In September 2010, Fort Worth police questioned Alexis about the neighbor’s report. He admitted to firing his weapon but said he was cleaning his gun when it accidentally discharged. He said he did not call the police because he didn’t think the bullet went through to the other apartment. The neighbor told police she was scared of Alexis and felt he fired intentionally because he had complained about her making too much noise.

Alexis was arrested on suspicion of discharging a firearm within city limits but Tarrant County district attorney’s spokeswoman Melody McDonald Lanier said the case was not pursued after it was determined the gun discharged accidentally.

After leaving the reserves, Alexis worked as a waiter and delivery driver at the Happy Bowl Thai restaurant in White Settlement, a suburb of Fort Worth, according to Afton Bradley, a former co-worker. The two overlapped for about eight months before Alexis left in May, Bradley said.

Having traveled to Thailand, Alexis learned some Thai and could speak to Thai customers in their native language.

“He was a very nice person,” Bradley said in a phone interview. “It kind of blows my mind away. I wouldn’t think anything bad at all.”

A former acquaintance, Oui Suthametewakul, said Alexis lived with him and his wife from August 2012 to May 2013 in Fort Worth, but that they had to part ways because he wasn’t paying his bills. Alexis was a “nice guy,” Suthametewakul said, though he sometimes carried a gun and would frequently complain about being the victim of discrimination.

Suthametewakul said Alexis had converted to Buddhism and prayed at a local Buddhist temple.

“We are all shocked. We are nonviolent. Aaron was a very good practitioner of Buddhism. He could chant better than even some of the Thai congregants,” said Ty Thairintr, a congregant at Wat Budsaya, a Buddhist temple in Fort Worth.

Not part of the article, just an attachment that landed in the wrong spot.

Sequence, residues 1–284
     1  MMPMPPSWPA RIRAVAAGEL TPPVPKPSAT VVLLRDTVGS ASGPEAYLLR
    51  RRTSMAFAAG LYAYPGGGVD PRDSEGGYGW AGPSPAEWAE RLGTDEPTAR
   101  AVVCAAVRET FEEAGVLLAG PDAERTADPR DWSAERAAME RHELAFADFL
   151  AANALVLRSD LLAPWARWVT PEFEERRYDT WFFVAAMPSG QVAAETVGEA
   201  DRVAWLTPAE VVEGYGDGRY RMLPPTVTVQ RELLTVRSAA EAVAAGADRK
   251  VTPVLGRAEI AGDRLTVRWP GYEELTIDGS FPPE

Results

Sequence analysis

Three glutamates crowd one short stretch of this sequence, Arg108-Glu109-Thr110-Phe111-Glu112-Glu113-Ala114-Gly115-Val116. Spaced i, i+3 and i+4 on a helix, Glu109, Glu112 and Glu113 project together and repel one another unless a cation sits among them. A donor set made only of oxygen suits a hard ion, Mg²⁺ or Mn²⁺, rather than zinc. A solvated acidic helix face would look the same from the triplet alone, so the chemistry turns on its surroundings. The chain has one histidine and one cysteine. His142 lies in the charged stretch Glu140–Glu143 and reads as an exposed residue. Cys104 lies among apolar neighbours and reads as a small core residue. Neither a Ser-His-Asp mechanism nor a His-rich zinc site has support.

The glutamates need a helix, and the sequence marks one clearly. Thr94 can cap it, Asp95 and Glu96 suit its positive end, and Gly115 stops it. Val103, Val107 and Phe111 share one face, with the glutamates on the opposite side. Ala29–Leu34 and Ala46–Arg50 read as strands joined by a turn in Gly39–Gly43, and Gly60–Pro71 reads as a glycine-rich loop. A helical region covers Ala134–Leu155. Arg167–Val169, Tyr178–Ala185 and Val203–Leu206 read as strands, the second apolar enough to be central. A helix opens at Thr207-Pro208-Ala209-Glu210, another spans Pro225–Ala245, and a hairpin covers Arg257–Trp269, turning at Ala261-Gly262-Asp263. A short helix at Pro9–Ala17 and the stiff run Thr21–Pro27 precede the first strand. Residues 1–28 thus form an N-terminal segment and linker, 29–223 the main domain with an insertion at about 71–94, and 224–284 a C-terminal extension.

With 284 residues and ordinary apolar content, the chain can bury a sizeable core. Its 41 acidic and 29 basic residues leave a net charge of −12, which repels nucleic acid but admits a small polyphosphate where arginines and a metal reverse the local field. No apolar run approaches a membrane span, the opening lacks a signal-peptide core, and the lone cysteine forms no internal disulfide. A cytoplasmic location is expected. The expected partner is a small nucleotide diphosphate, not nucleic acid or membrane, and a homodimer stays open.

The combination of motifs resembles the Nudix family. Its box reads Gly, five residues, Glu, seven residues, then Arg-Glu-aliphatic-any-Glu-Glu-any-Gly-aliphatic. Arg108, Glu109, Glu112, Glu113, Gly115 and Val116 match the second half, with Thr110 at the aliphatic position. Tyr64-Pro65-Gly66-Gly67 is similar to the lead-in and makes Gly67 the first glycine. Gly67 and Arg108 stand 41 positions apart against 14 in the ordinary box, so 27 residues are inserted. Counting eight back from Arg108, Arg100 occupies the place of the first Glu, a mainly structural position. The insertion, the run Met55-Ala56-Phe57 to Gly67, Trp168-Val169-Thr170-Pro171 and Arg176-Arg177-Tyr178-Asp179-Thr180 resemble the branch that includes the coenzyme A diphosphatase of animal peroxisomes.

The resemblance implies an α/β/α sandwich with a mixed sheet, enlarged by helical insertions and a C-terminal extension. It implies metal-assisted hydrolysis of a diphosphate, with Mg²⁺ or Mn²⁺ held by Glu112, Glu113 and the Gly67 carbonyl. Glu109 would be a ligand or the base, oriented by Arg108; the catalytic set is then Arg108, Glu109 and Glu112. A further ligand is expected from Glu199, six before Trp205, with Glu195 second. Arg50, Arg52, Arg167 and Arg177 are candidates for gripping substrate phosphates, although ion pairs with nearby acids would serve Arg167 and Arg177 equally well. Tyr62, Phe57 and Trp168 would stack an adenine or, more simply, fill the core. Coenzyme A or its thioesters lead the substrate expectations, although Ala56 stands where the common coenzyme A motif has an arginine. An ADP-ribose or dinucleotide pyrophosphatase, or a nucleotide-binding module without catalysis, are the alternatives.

Thairintr said Alexis told him he was upset with the Navy because “he thought he never got a promotion because of the color of his skin. He hated his commander.”

As Thairintr and others at the temple understood, Alexis took a job as a contractor and he indicated to them he was going to go to Virginia. He last saw him five weeks ago.

“He was a very devoted Buddhist. There was no tell-tale sign of this behavior,” Thairintr said.

In the early 2000s, before he moved to Seattle, Alexis lived with his mother in an apartment in Queens, N.Y., said Gene Demby, of Philadelphia, who said he dated one of Alexis’ younger sisters at the time. He said Alexis and his two younger sisters had a difficult relationship with their father, who divorced their mother in the mid-1990s.

“I wouldn’t call him nice, but he seemed harmless, if really awkward,” said Demby, the lead writer for NPR’s Code Switch blog about race and culture. “He was insecure. He was like a barbershop conspiracy theorist, the kind of guy who believes he’s smarter than everyone else. He also was kind of like perpetually aggrieved, but not megalomaniacal or delusional.”

Embry-Riddle Aeronautical University, which offers online courses in aviation and aerospace, confirmed that Alexis was enrolled as an online student via its Fort Worth campus, started classes in July 2012 and was pursuing a bachelor’s of science in aeronautics.

“We are cooperating fully with investigating officials,” the university said.

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Associated Press writers Mike Baker and Phuong Le in Seattle, Nomaan Merchant in Dallas, John L. Mone in White Settlement, Texas, and Matt Apuzzo, Adam Goldman, Lolita C. Baldor, Ben Nuckols and Brett Zongker in Washington contributed to this report.

Copyright 2013 The Associated Press. All rights reserved. This material may not be published, broadcast, rewritten or redistributed.